"I hope the repair ships don't try to run, too." 'Try' being the operative word. Even the so-called fast fleet auxiliaries in the Alliance fleet were faster in name than practice and they were purportedly designed to keep up with warships. Essentially mobile factories, most auxiliaries or repair ships weren't supposed to be able to maneuver anything like warships, with propulsion capabilities that accelerated them only sluggishly and couldn't come close to matching the velocities of combatants. Moreover, these Syndic repair ships were heavily loaded with the raw materials needed to manufacture replacement items, spare parts, weapons and fuel cells, making them even more ponderous.

The leading elements of the Alliance fleet were clearing the top of the minefield which had prevented a direct run into or out of the jump point. As they did, each ship canted over and down and accelerated straight toward the enemy, the fleet seeming to be bending over the top of the mines like a waterfall in reverse.

Dauntless cleared the top of the mines, too, pivoting downward, the force of her acceleration obvious even though the inertial dampers were whining as they tried to block out the effects on the ship and crew. When it came to closing on the enemy, Desjani didn't waste time. "The Syndic guard force must have seen us by now," Desjani observed. "Since we're accelerating toward them we'll see their reaction in . . . twenty or twenty-five minutes, depending on what they do in the meantime."

After the frantic activity they'd just gone through, those twenty minutes crawled by like a video playing in slow motion. At least the delay gave Geary time to go through the status reports streaming in from his ships, his first chance for a good look at their supply states and repair progress since the fleet had hastily jumped back for Lakota.

In the last fight at Lakota, Warrior had taken the brunt of fire from four Syndic battleships blundering past the Alliance auxiliaries which Warrior had been ordered to protect. Her crew had worked themselves to exhaustion patching up serious damage sustained at Vidha so that the battleship could once again face the enemy, but now Warrior was once again barely combat capable. Geary couldn't help shaking his head grimly as he viewed the latest status of the stricken battleship. She could keep up with the fleet, but Warrior would be out of the line of battle again for a long time.

The battleships Orion and Majestic, also badly damaged at Vidha, hadn't done nearly as inspired a job of fixing themselves up since then and remained barely combat capable even though they'd taken little more injury the first time the fleet had been at Lakota. Amazon, Indomitable, Vengeance and Reprisal were the next most badly damaged battleships, but all had made heroic repair efforts in the time allowed by the jumps away from and back to Lakota and were in good enough shape for combat.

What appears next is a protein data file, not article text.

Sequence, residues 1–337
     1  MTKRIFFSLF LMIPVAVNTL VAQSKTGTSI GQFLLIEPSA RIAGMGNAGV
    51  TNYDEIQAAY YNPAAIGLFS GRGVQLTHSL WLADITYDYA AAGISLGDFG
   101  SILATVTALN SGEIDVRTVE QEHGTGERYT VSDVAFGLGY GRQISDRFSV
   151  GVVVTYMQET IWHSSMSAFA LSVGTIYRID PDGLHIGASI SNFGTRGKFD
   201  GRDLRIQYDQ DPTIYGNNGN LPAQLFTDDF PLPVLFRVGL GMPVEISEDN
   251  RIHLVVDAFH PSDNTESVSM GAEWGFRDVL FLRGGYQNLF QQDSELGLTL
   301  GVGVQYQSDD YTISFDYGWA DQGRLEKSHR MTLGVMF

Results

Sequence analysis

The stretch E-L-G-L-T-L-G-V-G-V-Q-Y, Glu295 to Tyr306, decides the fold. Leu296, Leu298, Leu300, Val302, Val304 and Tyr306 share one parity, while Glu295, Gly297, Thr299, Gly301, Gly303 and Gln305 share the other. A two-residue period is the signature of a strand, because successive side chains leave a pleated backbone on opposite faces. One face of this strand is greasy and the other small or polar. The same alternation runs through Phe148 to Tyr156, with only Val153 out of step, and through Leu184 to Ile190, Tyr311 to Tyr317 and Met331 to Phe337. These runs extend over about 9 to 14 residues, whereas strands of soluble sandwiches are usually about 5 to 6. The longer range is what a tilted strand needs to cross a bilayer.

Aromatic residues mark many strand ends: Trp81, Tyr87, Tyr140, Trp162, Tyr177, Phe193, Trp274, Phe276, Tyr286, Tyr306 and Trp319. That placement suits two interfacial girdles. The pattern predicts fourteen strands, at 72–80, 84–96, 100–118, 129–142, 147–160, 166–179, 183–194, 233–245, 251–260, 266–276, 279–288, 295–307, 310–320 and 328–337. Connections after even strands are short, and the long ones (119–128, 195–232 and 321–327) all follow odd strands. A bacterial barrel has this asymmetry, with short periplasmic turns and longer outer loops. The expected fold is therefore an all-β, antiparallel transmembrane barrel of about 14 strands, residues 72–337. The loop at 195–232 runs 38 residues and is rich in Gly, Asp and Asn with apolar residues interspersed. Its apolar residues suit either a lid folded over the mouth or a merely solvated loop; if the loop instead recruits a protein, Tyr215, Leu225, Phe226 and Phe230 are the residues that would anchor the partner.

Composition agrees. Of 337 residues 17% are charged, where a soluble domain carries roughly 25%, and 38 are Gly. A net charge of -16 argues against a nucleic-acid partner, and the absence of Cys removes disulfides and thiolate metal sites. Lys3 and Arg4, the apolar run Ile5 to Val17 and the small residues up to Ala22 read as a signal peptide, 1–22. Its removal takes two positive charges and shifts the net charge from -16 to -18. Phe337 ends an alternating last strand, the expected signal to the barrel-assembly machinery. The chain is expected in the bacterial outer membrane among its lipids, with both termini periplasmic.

The battle cruisers, which traded greater acceleration and maneuverability for the heavier armor and shields of the battleships, had paid the usual price for the bargain. Most of them had taken significant damage as the fleet had fought its way out of Lakota, but like Dauntless most had been able to get at least the majority of their hell lances back on line and their propulsion units functional. Only Daring and Formidable were still in bad enough shape that they needed to be kept back from any major fighting. Geary hoped he could manage to keep the commanding officers of those ships from nonetheless charging into the biggest fight they could find.

The rest of the fleet, the heavy and light cruisers and the many destroyers, were much the same though there hadn't been many badly damaged destroyers or light cruisers when they jumped out of Lakota with the Syndics on their heels. If the smaller combatants took major hits they didn't have the size or armor to withstand the resultant damage and were usually blown apart or knocked completely out of action. Only Geary's attempts to protect his light combatants during the last battle had kept them from being decimated. As it was, four destroyers and three light cruisers hadn't survived the fleet's last visit to Lakota.

The four auxiliaries, vital to the fleet's survival, had emerged from the last encounter almost untouched, thanks in great part to Warrior's stout defense. The one hit that Titan had taken had been patched up in the days since the battle.

As long as he didn't pay attention to the total lack of specter missiles among his ships, the almost exhausted supplies of grapeshot and the low fuel cell states, the surviving ships of the fleet actually appeared to be in decent shape.

"Why haven't the Syndics done more repairs?" Geary wondered out loud. "They've had as long as we have, but their ships are still showing a lot of unfixed damage."